With 5G rolling out and expected to continue reaching its full potential over the next 10 years, fleet management solutions stand to see a greater enhancement of the already leading-edge technology. What is currently on the market will continue to evolve with the incredible speed and power of the new cellular network technology.
Optimising routes to avoid downtime is one of the biggest factors in fleet efficiency. GPS and Location-Based Services have served a large role in providing visibility to analyse the best routes to take. Not only does this ensure that delivery times are met, which is crucial for the best possible customer experience, but optimising routes also helps with fuel efficiency. Any effort to mitigate costs in the fleet industry is beneficial.
Challenges met on the road have long been a problem for the fleet industry – whether it’s due to an accident, inclement weather, or any other unexpected roadblock – sudden traffic jams that slow productivity simply cannot be avoided. The best solution has historically been reactive, hoping that enough time has been built into the estimated delivery schedule to account for the unexpected.
With 5G, high visibility into routes as well as the ability to analyse and relay these data points can enable real-time communications for a proactive approach that lets a fleet driver avoid situations that cause traffic delays. Being able to view constantly updated maps of streets and highways in real-time means preventative re-routing, which is both a time- and cost-saving solution.
The cellular connectivity technology that can enable the future of how cars move is finally here with 5G. Granted, the expectation of seeing the first autonomous vehicle commercially owned and operated still lies ahead, with autonomous fleet vehicles even further behind. But the future of that reality is nearing.
The high-speed communication and analysis on the edge will benefit from the bandwidth, latency, and rate that 5G can provide. Autonomous vehicles will rely heavily on this triad of connectivity capacity. Steering and braking are currently the primary focus in automating vehicles, with the initial goal of having drivers supervise the autonomous vehicle – that is, riding inside the car but having the freedom to multitask and not truly operate it. Eventually, an entire driverless experience is anticipated.
The benefits will be three-pronged: reduce collisions, increase productivity, and reduce operating costs. While the rollout of this technology may still be in the not-too-distant future, it is a reality in the creation of Smart Fleets.
Telematics have driven the fleet industry into a new reality of using sensors to monitor vehicle condition so that predictive maintenance can help with advanced planning in taking vehicles off the road. Gone are the days of experiencing mid-route vehicle breakdowns – even monitoring data as granular as tire pressure to avoid blowouts on the road. Not only does this help mitigate cost, but it also promotes safety. An unexpected vehicle issue, especially a tire blowout, can be incredibly unsafe on the road.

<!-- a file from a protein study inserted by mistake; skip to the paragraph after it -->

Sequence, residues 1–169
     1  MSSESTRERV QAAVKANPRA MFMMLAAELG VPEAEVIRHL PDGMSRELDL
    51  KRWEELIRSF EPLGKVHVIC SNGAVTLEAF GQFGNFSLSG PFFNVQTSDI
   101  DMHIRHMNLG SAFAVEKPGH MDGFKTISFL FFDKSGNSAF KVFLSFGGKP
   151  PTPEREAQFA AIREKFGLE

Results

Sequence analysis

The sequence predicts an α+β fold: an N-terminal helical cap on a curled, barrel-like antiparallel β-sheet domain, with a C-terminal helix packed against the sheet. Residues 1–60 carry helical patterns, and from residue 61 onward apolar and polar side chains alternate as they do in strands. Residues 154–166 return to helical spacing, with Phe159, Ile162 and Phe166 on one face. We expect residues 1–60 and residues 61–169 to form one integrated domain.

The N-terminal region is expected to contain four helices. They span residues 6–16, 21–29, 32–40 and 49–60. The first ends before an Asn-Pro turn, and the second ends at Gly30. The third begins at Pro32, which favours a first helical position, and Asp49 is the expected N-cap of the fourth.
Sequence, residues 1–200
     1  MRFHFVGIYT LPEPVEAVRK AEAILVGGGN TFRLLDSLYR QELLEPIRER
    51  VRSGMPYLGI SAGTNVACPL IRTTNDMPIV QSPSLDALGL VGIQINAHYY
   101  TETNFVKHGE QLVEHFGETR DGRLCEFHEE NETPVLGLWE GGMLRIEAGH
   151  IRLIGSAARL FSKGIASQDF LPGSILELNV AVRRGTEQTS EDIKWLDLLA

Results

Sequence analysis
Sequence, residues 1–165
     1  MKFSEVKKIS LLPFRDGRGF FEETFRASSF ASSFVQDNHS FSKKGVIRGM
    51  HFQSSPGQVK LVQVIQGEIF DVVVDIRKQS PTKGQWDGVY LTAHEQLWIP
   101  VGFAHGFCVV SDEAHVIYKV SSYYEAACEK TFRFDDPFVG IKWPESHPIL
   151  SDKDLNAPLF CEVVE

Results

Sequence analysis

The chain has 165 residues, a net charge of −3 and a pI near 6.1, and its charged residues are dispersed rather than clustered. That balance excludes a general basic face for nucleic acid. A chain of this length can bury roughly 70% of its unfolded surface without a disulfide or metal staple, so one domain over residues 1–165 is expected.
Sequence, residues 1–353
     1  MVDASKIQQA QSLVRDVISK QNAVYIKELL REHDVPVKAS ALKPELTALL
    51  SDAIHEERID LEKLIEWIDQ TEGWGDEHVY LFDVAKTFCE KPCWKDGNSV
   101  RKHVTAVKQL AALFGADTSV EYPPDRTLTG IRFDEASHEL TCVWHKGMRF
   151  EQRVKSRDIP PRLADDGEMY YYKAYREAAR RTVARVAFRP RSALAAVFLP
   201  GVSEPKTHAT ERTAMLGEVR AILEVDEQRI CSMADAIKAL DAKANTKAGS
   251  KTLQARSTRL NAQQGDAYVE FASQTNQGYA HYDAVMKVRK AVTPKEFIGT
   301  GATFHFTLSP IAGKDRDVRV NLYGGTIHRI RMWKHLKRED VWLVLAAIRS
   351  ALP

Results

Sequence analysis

5G has the massive bandwidth to allow for millions more connected sensors than what was previously on the market. The more sensors, and thus data points, the deeper the analysis of the inner workings of a vehicle. Predictive maintenance will take a large step forward into prescriptive maintenance communicated at the edge, i.e., the vehicle.
For example, tire pressure that is critical and needs attention prior to an event — such as a flat or active blowout on the road — is extremely helpful data to have. But taking that even further, a driver and fleet manager, being alerted when tire pressure is low, ultimately helps with cost containment. While the alert isn’t critical, driving on low tire pressure impacts fuel costs and may cause slow damage to a vehicle over time.
Artificial intelligence is currently on the market with in-vehicle video telematics. Artificial vision is used to monitor driver behavior and is able to detect unsafe behavior such as cell phone use, distraction, drowsiness, and much more. The analytics engine in artificial intelligence not only scans for this behavior, but it acts in real-time to alert the driver. This type of driver management allows for the greatest risk mitigation by monitoring behavior most associated with vehicle collisions.
With a more available network that is finely tuned to support artificial intelligence, expect that this IoT solution will be more widely adopted. In tandem, simple driver behavior can be monitored by AI-driven telematics to create a dynamic map to further aid in safe driving over time.
For example, if drivers routinely brake roughly on a route that has a sharp curve not well marked by signage, the map created from this data will include a warning of a sharp curve. This lowers the risk of unsafe driving behavior, aids in unnecessary wear on brakes, and keeps cargo better protected from the sudden shift created by harsh braking.
The National Highway and Traffic Safety Administration has a campaign for the ultimate adoption of Vehicle-to-Vehicle (V2V) Communications. Leveraging sensors, this technology would enable vehicles to detect road conditions and surrounding vehicles in such a comprehensive manner, they would have a three-dimensional view of their surroundings, right in their car.
These kinds of technology-driven fleet management solutions would be made possible through the high-speed, low-latency, and high-bandwidth of 5G.
Whether it’s Location-Based Services, advanced telematics, or artificial intelligence, KORE can enable you with the technology of today. For the most efficient, streamlined, and business-case savvy fleet management solutions, KORE has the devices, connectivity, and managed services you need for a comprehensive, cost-saving solution.
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